Silverthorne approves new affordable housing effort |

Silverthorne approves new affordable housing effort

Silverthorne purchased Smith Ranch, a 52-acre parcel of land, several years ago. The land is currently reserved for future workforce housing . In an effort to create more opportunities for affordable housing, the town passed a preliminary version of a "buy down" agreement on Tuesday, that would allow the town to purchase units and resell them as affordable, deed-restricted houses.
File Photo | Summit Daily News

As part of a continued effort to bring affordable housing to Summit County, the town of Silverthorne passed an agreement with the Summit Housing Development Corporation to create framework for a housing buy-down program within the town. The agreement would allow the town to create criteria for purchasing vacant houses, fixing them up and selling them as deed-restricted housing.

At this point, the town has few specifics on the types of houses they would purchase, how the money would be raised and what the selling price would be. Silverthorne senior planner Lina Lesmes said the typical income cap would be at 100 percent of the area median income (AMI), directed at households making $86,000 or less. However, that percentage is not yet set in stone.

“We would be looking for people who work in Summit County at least 30 hours a week,” Lesmes said. “We just put the structure of the program in place in case we want to further develop the program.”

The buy-down program is just one strategy suggested in the county’s 2013 Workforce Housing Needs Assessment. The study, compiled by Rees Consulting, Inc., demonstrates the need for affordable housing in the county and a few methods to meet it.

For example, Silverthorne also purchased a 50-acre plot of land at Smith Ranch, held for a land-banking strategy to be developed for workforce housing in the future.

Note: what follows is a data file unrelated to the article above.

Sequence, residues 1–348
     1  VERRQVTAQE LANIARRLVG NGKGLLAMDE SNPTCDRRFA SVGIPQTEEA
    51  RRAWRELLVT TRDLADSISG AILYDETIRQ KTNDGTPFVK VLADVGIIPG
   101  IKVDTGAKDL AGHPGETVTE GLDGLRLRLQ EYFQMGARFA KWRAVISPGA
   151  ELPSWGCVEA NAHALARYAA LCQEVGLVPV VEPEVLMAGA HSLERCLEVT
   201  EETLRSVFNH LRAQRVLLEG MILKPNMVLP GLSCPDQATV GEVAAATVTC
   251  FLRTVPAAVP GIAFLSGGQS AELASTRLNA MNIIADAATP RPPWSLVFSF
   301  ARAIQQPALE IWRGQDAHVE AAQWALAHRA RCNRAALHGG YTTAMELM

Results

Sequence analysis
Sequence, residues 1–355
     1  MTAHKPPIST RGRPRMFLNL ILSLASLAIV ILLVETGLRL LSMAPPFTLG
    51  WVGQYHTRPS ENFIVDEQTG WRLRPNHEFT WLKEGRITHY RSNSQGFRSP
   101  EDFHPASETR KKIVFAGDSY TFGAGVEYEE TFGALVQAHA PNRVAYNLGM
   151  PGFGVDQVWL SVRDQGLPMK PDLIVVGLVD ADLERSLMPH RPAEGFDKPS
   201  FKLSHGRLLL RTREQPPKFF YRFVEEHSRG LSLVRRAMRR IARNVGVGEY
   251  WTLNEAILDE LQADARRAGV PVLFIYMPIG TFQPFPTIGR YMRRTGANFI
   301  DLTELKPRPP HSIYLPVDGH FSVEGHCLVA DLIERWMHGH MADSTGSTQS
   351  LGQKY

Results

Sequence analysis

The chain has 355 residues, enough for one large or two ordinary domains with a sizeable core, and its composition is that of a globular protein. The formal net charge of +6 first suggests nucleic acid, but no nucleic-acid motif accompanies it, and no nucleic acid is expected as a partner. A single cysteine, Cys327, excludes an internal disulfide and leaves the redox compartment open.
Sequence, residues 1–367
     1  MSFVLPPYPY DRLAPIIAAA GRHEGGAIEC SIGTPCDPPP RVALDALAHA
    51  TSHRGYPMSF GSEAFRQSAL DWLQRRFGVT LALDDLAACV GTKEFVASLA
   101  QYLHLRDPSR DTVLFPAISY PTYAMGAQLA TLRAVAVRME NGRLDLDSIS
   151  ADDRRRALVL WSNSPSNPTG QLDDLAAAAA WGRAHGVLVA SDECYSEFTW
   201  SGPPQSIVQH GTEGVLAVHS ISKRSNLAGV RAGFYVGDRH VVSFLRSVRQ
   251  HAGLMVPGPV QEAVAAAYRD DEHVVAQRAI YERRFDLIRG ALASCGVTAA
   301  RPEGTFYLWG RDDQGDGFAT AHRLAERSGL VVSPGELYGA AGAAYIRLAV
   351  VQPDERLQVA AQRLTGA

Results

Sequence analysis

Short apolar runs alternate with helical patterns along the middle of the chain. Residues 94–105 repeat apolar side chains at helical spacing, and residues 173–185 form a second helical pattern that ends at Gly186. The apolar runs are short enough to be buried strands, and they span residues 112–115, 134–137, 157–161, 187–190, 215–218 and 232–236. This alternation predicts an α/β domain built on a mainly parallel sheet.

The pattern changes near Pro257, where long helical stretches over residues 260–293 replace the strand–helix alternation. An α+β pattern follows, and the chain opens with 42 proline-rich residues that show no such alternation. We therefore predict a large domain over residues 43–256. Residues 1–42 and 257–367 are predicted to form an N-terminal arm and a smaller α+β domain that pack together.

Silverthorne’s buy-down program is loosely based on one created by Breckenridge, where the town bought units at risk of being converted from employee housing to serving as a second home. The units were near public transit, or in town, and were available to incomes from 80 to 100 percent AMI.

When the initial plan was proposed in February, Silverthorne located seven properties listed for sale for less than $500,000. According to the 2013 assessment, a household with an income at 100 percent AMI would be able to purchase a home between $300,000 and $350,000. With a $50,000 to $100,000 subsidy, homes from $400,000 to $500,000 would be within budget.

The survey noted that for Silverthorne households in 2013, the majority of households (33 percent) made between 80 percent and 120 percent AMI. Thirty-two percent had incomes between 30 percent and 60 percent AMI, and 26 percent had incomes above 120 percent AMI.

The Lower Blue River Basin, including Silverthorne and unincorporated land in the area, had the smallest percentage of restricted workforce housing units, at 225 units or 11 percent of the total. The Upper Blue, including Breckenridge and the surrounding area, had the most, at 726 units or 35 percent of the total.

Still, throughout the entire county, the need for more workforce housing is evident, as many residents commute from outside of the county to make ends meet. For example, about 65 percent of Fire Protection District employees commute. On top of that, 20 percent of all summer jobs are employees who live outside of the county; during the winter, that number jumps to 30 percent.

“What happens for a number of people is they say, ‘I’m done with that,’ and they don’t put down roots in the county,” said Jennifer Kermode, executive director of the Summit Combined Housing Authority. “We still see people having difficulty affording rents between 60 percent AMI and 120 percent … but every little bit helps.”

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